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EDITORS NOTE: We thought with Major League Baseball finally bringing the Negro League players into the MLB world, it was only appropriate that we brought this column back this week as a tribute to one of the great players of that era. While there were many who made the jump from the Negro Leagues to the Major Leagues, Paige perhaps had the biggest impact in the 1960s of those who had long careers before the color barrier was broken. Willie Mays and Hank Aaron both played in the Negro Leagues for a short time, but their careers were really made in MLB. Not so for the likes of Paige and others. This is a slice of time for the great Satch.
TRIVIA WINNER: Congrats to Marykay Honel of Bourbonnais, Il, who correctly stated Hoyt Wilhelm pitched five shutouts in his career as a starting pitcher. The Prize: Starbucks Gift Card.
TRIVIA QUESTION: While the Boston Red Sox did not have any players on their roster who played in the Negro Leagues, the Boston Braves did. How many Boston Braves players actually spent time in the Negro Leagues. Bonus if you can name them.
ANSWER TO TRIVIA QUESTION IN THE PREVIOUS COLUMN: Hoyt Wilhelm pitched five shutouts in his career as a starting pitcher in the big leagues.
was the last player to ever get a hit off the great Satchel Paige? A
lot of names might run through your mind considering the man who said he
"pitched long enough to put butts in the seats" spent an entire career
in the Negro Leagues before becoming a big leaguer in 1948.
Before we answer the question let's set the scenario. In September, 1965 the Kansas City A's signed Paige to a contract. Whether it was a stunt by promoter extraordinaire Charlie O. Finley or whether it was a bonafide (usually with Charlie O., the word is "bonehead") attempt to let the fans get one last look at the grand old man. Either way it was a full treat for everyone in baseball, or anyone who just loves the game.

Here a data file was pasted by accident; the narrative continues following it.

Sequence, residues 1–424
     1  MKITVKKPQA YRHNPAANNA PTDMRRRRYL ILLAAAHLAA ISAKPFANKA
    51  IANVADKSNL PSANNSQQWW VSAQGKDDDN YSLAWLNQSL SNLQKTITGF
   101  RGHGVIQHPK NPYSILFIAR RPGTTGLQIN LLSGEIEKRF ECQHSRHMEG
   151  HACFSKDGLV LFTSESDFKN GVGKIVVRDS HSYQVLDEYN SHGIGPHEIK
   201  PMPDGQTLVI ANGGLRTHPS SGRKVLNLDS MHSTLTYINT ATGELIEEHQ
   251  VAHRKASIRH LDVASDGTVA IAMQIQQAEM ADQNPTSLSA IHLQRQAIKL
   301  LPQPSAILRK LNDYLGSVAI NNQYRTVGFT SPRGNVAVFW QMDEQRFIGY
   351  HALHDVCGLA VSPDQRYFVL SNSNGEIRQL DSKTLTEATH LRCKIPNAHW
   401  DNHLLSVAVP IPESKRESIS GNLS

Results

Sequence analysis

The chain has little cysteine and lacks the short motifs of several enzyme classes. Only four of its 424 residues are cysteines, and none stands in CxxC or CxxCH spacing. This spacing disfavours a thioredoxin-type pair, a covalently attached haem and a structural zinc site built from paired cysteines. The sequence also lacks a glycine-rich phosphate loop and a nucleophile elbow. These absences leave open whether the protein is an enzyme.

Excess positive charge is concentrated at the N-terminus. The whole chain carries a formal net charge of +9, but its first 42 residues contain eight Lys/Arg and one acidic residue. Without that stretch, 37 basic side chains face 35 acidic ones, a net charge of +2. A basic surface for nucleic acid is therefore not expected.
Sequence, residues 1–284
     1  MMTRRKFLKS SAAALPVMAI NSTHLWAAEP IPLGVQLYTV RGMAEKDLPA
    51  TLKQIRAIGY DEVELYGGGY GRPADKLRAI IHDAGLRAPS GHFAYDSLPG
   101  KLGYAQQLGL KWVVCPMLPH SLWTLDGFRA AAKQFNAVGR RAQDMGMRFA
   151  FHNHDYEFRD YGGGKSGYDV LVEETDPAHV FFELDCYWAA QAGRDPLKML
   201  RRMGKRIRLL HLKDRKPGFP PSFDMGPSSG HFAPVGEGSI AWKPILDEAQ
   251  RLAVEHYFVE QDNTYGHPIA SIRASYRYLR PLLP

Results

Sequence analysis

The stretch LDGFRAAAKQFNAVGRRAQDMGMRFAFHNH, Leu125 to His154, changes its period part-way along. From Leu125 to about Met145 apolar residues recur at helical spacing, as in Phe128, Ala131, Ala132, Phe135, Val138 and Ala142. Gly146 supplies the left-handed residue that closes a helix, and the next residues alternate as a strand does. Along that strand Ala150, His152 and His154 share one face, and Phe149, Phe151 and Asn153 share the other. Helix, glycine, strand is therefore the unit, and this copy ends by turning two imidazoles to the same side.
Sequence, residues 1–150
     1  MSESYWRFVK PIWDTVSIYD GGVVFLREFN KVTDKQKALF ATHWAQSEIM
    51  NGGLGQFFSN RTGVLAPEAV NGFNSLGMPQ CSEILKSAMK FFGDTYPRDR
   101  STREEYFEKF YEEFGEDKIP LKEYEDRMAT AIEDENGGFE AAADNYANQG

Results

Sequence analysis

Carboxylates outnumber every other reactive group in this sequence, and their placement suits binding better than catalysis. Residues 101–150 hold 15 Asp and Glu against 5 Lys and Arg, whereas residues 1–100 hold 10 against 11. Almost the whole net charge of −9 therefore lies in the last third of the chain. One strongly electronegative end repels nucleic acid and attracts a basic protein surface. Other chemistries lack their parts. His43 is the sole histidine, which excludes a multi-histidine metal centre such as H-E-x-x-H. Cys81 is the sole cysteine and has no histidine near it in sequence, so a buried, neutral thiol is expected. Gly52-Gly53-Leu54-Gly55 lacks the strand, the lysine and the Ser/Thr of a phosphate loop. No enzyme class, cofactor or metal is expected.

(Actual footage of Satchel Paige earlier in his career.)
Paige was signed on the 10th of September at age 58! The A's were long out of the race and were on their way to a 103 loss season and landing in 10th place in the American League, 43 games back of the Twins. They would finish 10th in attendance with barely over half a million fans entering the ballpark. In fact, they rarely drew more than a few thousand people. On September 24th, they only put 2304 fans into Municipal Stadium.
When it was announced Paige was pitching the night of the 25th, attendance soared. Old Satchel put 9289 "butts in the seats." Four times as many people came out to see the nearly 60 year old hurler compared to the night before. The opponent? The lowly Boston Red Sox who were just four games better than the A's at that point in the season on their way to a ninth place finish.
Satch got the start and for three innings he was untouchable. And that was that. He faced 10 batters in three innings, did not give up a run, struck out one and did not walk a batter. The lone hit was by Red Sox future Hall of Famer, Carl Yasztremski. A harmless double in the first.
Paige began the game getting Jim Gosger to pop out. He ended his string getting Gosger to ground out to short. He faced one over the minimum and was remarkable. He left leading 1-0 in a game the A's eventually lost to Boston, 5-2. He didn't qualify for the win if they had won. He was taken out after three innings with the minimum needed by a starter being five innings. He was relieved for the last time by Diego Segui.
Paige got his final at bat in the big leagues in that game. He struck out.
Paige's career was legendary. There was talk he would be the first player to break the color barrier but that honor went to Jackie Robinson. Hit finally got his chance with the Indians in 1948 and pitched in the World Series. He was 42 and faced two batters, got them out, and also was called for a balk. A rarity at any level, let alone a World Series game. That season he went 6-1 with a 2.47 ERA.
During his Major League career he saved 33 games, or five more than his 28 wins. He lost 31. His 3.29 ERA was respectable, especially for a pitcher who came to the big leagues at an advanced age. He pitched for four other seasons after the initial rookie year. At age 45 he tossed 138 innings and at age 46 he threw another 117. In 1952 he also tossed a pair of shutouts.
Paige passed away in Kansas City in 1982 at the age of 76. He was inducted into the Hall of Fame in 1971 as the first of the Hall's Negro League Inductees.
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